THE FAMOUS DOOR NOVEMBER 26, 2012
Eleanor Powell, the magnificently talented movie-musical performer of the mid-twentieth century, was too good for Hollywood. I don’t mean too virtuous; I mean too virtuosic—too masterful at her specialty, tap dancing, for the powers of the studio system, including its powerful male stars, to tolerate. Powell, who died in 1982, would have turned 100 this past Wednesday. Today, she comes across in film clips as nothing extraordinary, an equal to the men with whom she performed, and that’s what extraordinary about her. In her own day—in the late 1930’s and early 1940’s, when the women of the musicals served mainly to make the men look good—Powell was a little too equal to her so-called co-stars. She made them look co-equal, and they felt less like stars.
“Eleanor Powell was one of the very greatest, period, bar none,” said Fayard Nicholas of the Nicholas Brothers dance team, who understood greatness. “Not one of the greatest woman—one of the greatest, period.” Dynamic and versatile, Powell danced with a melodist’s sensitivity to the essential musicality of tap. “She was a musician,” Nicholas said, using the word tap dancers tend to reserve for their highest praise.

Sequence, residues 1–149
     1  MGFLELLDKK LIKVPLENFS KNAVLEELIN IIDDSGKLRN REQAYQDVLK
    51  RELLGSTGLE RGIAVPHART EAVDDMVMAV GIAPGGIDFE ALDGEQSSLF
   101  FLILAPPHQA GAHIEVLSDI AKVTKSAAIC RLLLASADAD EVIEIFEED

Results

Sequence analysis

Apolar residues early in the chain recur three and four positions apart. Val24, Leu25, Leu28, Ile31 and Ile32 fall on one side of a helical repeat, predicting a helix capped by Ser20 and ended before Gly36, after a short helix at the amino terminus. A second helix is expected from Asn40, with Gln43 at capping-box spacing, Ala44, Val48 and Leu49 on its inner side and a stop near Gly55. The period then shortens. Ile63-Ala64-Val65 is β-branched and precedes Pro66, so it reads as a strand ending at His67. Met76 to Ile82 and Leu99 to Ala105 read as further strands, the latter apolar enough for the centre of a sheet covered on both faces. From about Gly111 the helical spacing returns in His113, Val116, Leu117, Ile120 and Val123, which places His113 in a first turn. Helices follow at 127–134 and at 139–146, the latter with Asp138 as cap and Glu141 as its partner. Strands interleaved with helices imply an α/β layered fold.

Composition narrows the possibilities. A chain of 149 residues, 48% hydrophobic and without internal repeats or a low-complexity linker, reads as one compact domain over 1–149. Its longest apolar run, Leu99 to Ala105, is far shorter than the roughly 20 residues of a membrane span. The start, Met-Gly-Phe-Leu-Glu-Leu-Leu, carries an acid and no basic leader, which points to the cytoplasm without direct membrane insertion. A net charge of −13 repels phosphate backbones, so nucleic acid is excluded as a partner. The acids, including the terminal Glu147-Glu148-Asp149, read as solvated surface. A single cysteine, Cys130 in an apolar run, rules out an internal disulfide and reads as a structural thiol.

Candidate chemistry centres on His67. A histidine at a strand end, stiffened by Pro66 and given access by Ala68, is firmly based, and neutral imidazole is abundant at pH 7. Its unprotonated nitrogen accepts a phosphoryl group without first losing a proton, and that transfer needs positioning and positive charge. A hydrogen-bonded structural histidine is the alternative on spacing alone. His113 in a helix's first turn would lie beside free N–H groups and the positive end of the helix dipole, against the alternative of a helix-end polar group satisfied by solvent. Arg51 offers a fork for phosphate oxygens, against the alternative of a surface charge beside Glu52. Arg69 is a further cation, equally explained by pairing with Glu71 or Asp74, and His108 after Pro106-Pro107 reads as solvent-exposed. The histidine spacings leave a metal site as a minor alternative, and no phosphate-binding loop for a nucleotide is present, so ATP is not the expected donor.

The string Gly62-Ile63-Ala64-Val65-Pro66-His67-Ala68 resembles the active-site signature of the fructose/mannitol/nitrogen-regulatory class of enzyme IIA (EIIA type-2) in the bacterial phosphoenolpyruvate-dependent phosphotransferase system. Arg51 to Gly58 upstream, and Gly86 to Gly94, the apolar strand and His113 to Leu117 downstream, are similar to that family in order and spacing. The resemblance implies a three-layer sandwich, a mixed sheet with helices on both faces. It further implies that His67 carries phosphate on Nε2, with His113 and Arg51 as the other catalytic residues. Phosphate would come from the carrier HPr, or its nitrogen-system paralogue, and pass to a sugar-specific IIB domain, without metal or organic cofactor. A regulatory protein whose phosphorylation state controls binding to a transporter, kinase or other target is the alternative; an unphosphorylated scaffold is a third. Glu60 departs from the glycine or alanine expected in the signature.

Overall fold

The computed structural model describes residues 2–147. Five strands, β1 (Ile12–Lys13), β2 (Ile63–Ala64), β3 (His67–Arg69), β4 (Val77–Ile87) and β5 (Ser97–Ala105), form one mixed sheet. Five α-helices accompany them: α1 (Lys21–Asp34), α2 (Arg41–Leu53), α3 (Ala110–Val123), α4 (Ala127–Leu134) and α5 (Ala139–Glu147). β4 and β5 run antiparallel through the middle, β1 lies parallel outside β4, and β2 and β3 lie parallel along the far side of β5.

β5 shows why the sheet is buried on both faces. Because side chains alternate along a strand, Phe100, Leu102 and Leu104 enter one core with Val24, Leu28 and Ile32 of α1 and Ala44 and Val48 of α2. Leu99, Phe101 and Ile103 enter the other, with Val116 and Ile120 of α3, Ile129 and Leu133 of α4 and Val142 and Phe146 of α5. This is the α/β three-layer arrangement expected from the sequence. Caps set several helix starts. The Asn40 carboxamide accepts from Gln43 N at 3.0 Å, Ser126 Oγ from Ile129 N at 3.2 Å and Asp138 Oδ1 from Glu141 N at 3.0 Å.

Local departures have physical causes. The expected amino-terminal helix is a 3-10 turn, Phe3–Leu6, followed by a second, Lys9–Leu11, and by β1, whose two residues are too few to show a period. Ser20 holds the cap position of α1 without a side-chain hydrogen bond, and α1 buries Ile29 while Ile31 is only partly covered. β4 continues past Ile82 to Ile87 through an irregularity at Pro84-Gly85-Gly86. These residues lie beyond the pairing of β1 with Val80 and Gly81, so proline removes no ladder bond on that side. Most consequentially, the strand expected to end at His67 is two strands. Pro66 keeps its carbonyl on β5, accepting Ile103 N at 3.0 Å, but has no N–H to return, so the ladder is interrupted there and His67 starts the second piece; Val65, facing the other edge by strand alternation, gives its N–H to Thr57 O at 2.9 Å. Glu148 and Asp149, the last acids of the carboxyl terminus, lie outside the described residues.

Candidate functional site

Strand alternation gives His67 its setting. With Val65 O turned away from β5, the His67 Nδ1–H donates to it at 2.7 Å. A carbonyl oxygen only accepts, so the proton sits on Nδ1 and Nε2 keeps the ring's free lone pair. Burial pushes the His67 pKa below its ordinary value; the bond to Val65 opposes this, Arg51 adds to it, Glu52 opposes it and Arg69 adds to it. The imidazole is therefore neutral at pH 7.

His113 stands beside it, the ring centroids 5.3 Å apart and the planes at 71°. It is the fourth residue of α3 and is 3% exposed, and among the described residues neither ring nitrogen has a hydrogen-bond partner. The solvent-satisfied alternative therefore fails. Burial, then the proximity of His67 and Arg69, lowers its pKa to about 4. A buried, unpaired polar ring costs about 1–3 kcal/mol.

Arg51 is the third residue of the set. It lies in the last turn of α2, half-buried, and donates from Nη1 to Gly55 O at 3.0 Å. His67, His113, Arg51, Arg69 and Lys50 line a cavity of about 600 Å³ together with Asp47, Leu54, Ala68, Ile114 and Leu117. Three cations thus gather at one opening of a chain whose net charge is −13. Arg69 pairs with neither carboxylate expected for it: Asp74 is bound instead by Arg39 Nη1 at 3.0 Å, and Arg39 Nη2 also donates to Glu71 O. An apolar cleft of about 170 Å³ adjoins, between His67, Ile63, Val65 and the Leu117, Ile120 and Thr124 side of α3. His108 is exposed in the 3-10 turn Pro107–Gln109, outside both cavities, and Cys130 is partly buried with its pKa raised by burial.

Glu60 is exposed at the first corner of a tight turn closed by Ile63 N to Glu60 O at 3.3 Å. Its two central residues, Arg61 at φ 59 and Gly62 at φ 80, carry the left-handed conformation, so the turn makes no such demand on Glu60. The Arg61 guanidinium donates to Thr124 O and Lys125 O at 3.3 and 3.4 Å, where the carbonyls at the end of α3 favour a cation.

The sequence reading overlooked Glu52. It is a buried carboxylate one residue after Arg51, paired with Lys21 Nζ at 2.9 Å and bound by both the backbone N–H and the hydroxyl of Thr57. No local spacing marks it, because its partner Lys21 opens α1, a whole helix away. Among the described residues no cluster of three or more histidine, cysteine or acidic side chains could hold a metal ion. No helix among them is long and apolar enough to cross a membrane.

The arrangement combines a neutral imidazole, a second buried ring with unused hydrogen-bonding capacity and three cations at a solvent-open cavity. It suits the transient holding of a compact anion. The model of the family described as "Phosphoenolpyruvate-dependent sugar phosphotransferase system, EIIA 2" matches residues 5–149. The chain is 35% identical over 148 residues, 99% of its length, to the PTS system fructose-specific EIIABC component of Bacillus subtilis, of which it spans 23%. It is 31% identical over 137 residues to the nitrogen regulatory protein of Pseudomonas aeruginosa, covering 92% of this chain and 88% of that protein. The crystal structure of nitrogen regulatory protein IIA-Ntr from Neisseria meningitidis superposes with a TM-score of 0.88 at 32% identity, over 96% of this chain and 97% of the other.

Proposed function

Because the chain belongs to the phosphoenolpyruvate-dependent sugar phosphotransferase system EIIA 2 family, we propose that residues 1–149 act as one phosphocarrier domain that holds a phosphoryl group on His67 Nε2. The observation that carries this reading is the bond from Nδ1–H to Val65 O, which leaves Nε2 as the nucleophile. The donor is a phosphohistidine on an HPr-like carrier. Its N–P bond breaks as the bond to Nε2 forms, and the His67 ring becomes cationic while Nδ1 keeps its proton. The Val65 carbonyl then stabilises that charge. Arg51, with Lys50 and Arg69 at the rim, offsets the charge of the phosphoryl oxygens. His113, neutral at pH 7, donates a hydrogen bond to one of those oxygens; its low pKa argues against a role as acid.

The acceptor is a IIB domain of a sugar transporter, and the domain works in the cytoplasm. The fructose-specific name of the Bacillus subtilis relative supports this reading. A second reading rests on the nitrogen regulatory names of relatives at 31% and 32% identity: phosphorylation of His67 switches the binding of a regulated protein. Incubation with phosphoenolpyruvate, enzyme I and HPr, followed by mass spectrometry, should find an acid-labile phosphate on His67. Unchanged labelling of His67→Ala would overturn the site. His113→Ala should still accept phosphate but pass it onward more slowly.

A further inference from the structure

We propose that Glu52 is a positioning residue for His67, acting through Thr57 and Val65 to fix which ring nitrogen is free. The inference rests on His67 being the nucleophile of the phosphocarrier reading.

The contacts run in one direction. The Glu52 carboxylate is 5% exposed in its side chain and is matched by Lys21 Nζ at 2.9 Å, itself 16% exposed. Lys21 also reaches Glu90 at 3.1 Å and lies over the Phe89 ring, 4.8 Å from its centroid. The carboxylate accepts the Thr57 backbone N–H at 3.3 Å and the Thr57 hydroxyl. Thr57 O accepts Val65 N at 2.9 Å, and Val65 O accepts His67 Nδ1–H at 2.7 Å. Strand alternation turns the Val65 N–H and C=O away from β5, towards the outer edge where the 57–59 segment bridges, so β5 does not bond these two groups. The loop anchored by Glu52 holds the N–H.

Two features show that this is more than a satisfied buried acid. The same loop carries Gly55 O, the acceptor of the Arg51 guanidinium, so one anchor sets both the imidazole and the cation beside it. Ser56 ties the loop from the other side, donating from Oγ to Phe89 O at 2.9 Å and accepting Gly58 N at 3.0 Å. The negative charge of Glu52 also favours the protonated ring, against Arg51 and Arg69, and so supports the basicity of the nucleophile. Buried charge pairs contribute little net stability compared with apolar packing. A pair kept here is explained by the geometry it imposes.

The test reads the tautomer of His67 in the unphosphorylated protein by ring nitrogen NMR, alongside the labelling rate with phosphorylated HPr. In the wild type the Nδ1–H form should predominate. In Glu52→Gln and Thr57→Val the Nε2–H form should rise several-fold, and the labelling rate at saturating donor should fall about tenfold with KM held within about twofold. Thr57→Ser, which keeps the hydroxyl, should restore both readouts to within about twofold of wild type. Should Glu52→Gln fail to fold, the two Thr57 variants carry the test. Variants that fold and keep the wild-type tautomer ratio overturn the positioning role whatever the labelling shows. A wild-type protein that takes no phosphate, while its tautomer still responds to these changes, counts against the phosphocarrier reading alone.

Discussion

Powell’s problem was the problem male stars had accommodating a woman every bit their peer on the soundstage. Fred Astaire, who performed with Powell memorably in several films, pinpointed the issue in a couple of interviews, as well as in his autobiography, Steps in Time. “Eleanor Powell, one of our greatest talents, is a bit too powerful for me,” he said. “I love Eleanor Powell, but she dances like a man. She’s a remarkable dancer, but she has a very mannish style, and she’s a little big for me.”
Watching a clip of Powell and Astaire together in Broadway Melody of 1940, one could wonder what the hell he’s talking about. Powell is as gorgeous as she is fleet-footed and musical. By “mannish,” Astaire obviously meant unwomanly, and by that he meant, in essence, unflattering to him. After all, the dancing thought of as partner dancing in the heyday of movie musicals was, in fact, more a kind of two-person soloing, with women functioning largely, often, as the fantasy object of conquest. Eleanor Powell read, on screen, as neither conqueror nor prey. Hollywood could never figure out to use her, because she came across as a woman not easily used. As her roles dwindled, Powell drifted out of the movies, making her last major appearance in the minor film Sensations of 1945. Sixty-seven years later, Powell has finally found her time.